The Florida version of the American Law for American Courts (ALAC) is up for its fourth try in the 2014 Legislative session in Tallahassee. In contrast to prior years, there is concerted effort by bill sponsors, Sen. Alan Hays (R- Umatilla) and Rep. Neil Combee in the House of Representatives to seek Senate and House leadership, as well as Committee commitments for passage of the bills. There is also new message that was conveyed to Florida legislators on both House and Senate Committees; Senate Bill 0386/House Bill 903: “acceptance of foreign law in certain cases”. The message is that ALAC guards against the recognition of foreign laws in Florida Courts in violation of fundamental Constitutional rights of all citizens, especially women and children.
That message was communicated at the March 13th Florida Christian Family Coalition (CFC) Annual Legislative Prayer Breakfast by Professor Margaret McClain , a retired Arkansas State University professor, whose daughter Heidi was kidnapped at the age of 5 and removed to Saudi Arabia by her ex-Husband.. See our New English Review article, An American Child Kidnapped in Accordance with Shariah. Professor McClain’s experience was also amplified in a recent Iconoclast interview with Yasmeen Alexandria Davis, a Florida young woman, who at 13 years of age was rescued from a kidnapping by her Saudi father through the resourcefulness and persistence of her mother and grandmother. Her Saudi father relentless keep tabs on her through a US lawyers and an ex-FBI agent retained by him. See An American’s Rescue from Abduction to Saudi Arabia.
Both incidents were violations of state, federal and international conventions on parental kidnapping, but sanctioned under Sharia Islamic law. Professor McClain and Yasmeen Alexandria Davis testified about abduction of American children to Saudi Arabia in a panel of such women, children, and a father at a US House 2002 Government Reform Committee chaired by former Indian Republican Rep. Dan Burton. Professor McClain gave proof f to the CFC lobbyists based on her personal experience why passage of ALA in Florida was needed to protect American women and children against alien laws that imperil their fundamental Constitutional and basic human rights. The CFC has made passage of ALAC a priority in the 2014 legislature.
The 75 trained men and women, members of the CFC who heard Professor McClain and ALAC Senate Bill sponsor, Sen. Alan Hays, Rep. Larry Ahern, sponsor of a bill, Offenses against the Unborn Children (OAUC), fanned out to meet legislators. They were equipped with FAQs sheet on why ALAC is needed and a list of nearly two dozen Florida lower court and appellate cases in which foreign laws were recognized . How effective were they? According to a report by the CFC:
They met with a total of thirty-nine (39) lawmakers and secured thirty-two (32) co-sponsors/supporters on our legislative priorities. Nineteen (19) co-sponsors and supporters on American Laws for American Courts and thirteen (13) co-sponsors and supporters on the Offenses Against the Unborn Bill.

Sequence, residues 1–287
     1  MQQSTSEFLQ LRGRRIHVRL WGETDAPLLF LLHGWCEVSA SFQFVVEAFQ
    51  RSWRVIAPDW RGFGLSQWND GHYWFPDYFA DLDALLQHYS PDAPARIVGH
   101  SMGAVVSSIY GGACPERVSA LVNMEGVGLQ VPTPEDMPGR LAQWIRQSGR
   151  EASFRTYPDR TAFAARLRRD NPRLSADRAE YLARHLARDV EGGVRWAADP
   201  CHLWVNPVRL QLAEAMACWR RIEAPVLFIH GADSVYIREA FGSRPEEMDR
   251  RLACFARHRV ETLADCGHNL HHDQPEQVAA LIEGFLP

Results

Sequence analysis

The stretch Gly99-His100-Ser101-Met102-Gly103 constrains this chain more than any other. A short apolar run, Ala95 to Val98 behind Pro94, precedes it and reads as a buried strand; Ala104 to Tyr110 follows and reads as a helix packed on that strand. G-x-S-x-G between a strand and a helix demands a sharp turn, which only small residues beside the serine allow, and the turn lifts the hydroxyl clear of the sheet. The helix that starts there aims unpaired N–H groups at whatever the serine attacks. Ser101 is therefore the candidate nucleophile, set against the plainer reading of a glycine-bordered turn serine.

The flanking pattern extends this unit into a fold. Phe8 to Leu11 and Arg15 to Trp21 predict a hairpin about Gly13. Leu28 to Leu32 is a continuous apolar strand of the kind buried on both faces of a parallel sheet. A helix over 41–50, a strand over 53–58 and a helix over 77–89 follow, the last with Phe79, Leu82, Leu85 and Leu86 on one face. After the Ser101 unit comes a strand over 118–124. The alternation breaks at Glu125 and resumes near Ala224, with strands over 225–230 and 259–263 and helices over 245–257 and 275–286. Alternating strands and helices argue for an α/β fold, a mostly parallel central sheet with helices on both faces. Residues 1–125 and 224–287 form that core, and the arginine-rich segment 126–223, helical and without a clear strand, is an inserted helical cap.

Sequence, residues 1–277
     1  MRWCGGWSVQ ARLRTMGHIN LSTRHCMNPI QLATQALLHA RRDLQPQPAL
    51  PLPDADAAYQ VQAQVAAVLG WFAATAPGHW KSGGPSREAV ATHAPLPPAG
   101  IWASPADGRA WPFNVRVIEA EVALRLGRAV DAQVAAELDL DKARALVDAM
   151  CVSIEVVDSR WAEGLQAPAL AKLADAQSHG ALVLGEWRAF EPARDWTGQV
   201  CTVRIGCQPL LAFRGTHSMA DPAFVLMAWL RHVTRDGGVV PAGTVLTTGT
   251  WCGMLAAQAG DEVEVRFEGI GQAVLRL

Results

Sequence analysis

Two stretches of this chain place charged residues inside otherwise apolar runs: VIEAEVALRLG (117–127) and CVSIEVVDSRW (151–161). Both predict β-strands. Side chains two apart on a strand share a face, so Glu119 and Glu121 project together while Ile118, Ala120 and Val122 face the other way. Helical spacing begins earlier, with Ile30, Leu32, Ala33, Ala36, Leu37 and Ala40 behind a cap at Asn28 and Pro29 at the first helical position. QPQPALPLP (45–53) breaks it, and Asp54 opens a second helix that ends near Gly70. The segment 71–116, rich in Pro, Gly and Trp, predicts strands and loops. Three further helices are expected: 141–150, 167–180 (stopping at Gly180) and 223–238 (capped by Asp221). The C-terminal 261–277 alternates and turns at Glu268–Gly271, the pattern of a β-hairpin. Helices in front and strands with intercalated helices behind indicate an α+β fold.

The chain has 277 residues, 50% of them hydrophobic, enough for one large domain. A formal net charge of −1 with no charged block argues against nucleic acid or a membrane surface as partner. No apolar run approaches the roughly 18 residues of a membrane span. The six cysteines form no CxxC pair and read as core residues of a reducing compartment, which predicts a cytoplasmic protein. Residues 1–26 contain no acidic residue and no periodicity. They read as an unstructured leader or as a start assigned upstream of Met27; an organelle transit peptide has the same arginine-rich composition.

Neither they nor CFC’s executive director, Anthony Vertigo is resting on their laurels. They are planning another Legislative Prayer Breakfast and Citizen Lobby Day in Tallahassee the week prior to the close of the Florida legislative session on May 2nd, to assure that those ALAC commitments and others are honored.
CFC, according to its executive director Verdugo has been going to Tallahassee for 10 years to lobby on issues like ALAC and OAUC. CFC has more than 1,500 pastors and churches and over 16,000 members in Florida. Its scorecard in conducting Citizen Lobbying on social issues of concern has been effective.. Verdugo said in an email that CFC’s among successes were the bi-partisan Stand for Israel resolution, Prayer Time in Schools, etc. – Parental Notification, Ultrasound Bill, Boy Scout Resolution, and Parental Rights Resolution. A so-called Anti-Bullying and Domestic Partnership bills were dropped. “All told, we have made the difference on about [a] dozen bills over the last ten years”.
While it is too early to tell, the fourth try at passing ALAC is yielding some initial success, The House version of ALAC HB903 passed the House Civil Justice Subcommittee on March 18th on a partisan vote of 8 Republicans to 4 Democrats. The House version of ALAC has been also referred to the Judiciary Committee for a hearing. That is the last Committee hearing before a Floor vote is to be scheduled. A looming first hearing on the Senate version, SB 0386, is scheduled for Tuesday, March 25th before the Senate Judiciary Committee.. SB0386 has also been referred to Government Oversight and Rules before a possible floor Vote.
ALAC in Florida may have better prospects than in the three previous sessions. The evidence from research of recognition of foreign laws in a significant number of lower court and appellate level decisions in Florida may answer legislators’ questions of why it is needed. Protection of Florida’s women and children from foreign laws appears to put a human face on why ALAC should be passed. Nonetheless, political horse trading will be crucial in navigating the legislative process to a possible successful conclusion in the 2014 session in Tallahassee.
EDITORS NOTE: This column originally appeared on The New English Review.